Monday, October 20, 2008

A "tetchy" letter from England

Richard Wood is an old friend of 40 years. He's also a Yorkshireman, which means he speaks his mind.

So it was that I opened my e-mail this morning to find this letter (below), which he himself describes as "tetchy."

You can sense his impatience (even anger) not only with America generally but with me in particular for my choice of subjects these past few days. He is accusing us of ignorant trivializing of this election's significance to the planet.

The rest of the world has about had it with the American electorate and this campaign. Richard doesn't even cite the worst of it. The attack ads, the voting machines that change your vote (go here), the voter suppression, the robo-calls, the transformation of politics into entertainment (Read "Amusing Ourselves to Death"), the racism, the hateful claques at the rallies.

There's a lot to get tetchy about.

Here is Richard's letter.

Are climate change, ecology, the environment, the immediate future of the physical planet itself issues at all with the American public?

In your three current posted stories - the disastrous local landslide, Cindy's dollars, and the debate by the would-be presidents, there is no hint of awareness that there are huge policy questions waiting to be answered.

The whole world is watching.

We don't care what the next president looks like, his sex appeal, whether he makes eye contact, how many zillion dollars his wife earns, how heroic or cowardly he was in Vietnam. We want to know if he is going to kick-start America's involvement in saving the planet. Does he (do you) make the link between natural disaster and climate change? Did a natural fault line create the landslide or was it the result of more than usually violent weather patterns? If the latter, are they related to what used to be called global warming?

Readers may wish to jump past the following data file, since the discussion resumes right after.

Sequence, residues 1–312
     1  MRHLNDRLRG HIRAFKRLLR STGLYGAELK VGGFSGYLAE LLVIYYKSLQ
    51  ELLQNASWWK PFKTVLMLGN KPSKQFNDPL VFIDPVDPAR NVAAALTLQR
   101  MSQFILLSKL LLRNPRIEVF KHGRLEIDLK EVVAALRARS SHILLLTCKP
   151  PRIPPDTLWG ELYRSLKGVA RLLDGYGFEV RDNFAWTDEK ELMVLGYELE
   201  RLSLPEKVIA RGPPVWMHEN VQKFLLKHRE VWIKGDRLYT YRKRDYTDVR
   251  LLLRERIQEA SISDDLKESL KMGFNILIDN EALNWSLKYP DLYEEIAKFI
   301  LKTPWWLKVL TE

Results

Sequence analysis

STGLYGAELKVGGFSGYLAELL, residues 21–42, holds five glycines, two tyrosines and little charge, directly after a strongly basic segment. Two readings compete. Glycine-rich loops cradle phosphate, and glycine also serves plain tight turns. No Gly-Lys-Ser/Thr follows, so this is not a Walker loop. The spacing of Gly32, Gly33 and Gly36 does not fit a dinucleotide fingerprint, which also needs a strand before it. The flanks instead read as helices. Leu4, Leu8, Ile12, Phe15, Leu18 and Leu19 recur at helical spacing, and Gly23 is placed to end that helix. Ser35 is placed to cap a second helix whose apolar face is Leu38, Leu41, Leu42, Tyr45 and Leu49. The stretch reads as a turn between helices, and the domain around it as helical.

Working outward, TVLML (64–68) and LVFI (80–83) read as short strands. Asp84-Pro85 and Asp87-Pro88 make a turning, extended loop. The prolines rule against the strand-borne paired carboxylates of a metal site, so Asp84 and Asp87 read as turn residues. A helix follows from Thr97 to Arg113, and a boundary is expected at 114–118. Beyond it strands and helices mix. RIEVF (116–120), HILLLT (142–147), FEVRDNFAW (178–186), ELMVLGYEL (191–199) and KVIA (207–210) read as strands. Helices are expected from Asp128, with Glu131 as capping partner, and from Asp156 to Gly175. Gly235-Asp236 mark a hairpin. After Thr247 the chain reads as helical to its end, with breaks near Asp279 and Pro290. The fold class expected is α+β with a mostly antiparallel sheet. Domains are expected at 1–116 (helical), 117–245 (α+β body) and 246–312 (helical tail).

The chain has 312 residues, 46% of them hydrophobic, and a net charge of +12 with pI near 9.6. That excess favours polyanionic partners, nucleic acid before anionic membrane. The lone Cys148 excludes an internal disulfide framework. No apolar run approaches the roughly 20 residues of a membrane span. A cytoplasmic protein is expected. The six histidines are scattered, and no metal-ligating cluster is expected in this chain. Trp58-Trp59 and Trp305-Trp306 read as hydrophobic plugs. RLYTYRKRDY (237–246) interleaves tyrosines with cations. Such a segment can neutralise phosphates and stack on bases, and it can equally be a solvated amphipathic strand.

Here in North Yorkshire we have had three successive relentlessly wet summers, as predicted by the climate change theorists. We have had massive flooding, with water pouring through the homes of thousands of people more than once each summer. Snow is a thing of the past. A whole generation of under-20s has grown up without ever seeing snow, in a county whose winters were once dominated by snow and ice.

There are climate change skeptics, but not many. Most people are now making uncomfortable shifts in the way they live, think and behave.

There are many, many great American scientists standing by for signals from the new American political leadership that the dark days of Bush ignorance are over, that your country is ready to play its part in combating man-induced climate change. You are the greatest users of non-renewable energy in the world. How willing is the new leadership going to be to wake the people up, get them started on massive changes in personal habits?

Does Obama mean what he says when he promises America will have cut off its dependence on Middle East oil within 10 years? Dare he and does he know how to go about this? What are his links with Al Gore; how prepared is he to listen to and learn from him?

Let's hear these questions asked loudly so that we know what these guys are truly made of.
Maybe the mesmerising line running across the TV screen during the next debate could reflect the responses of the political blog writers!

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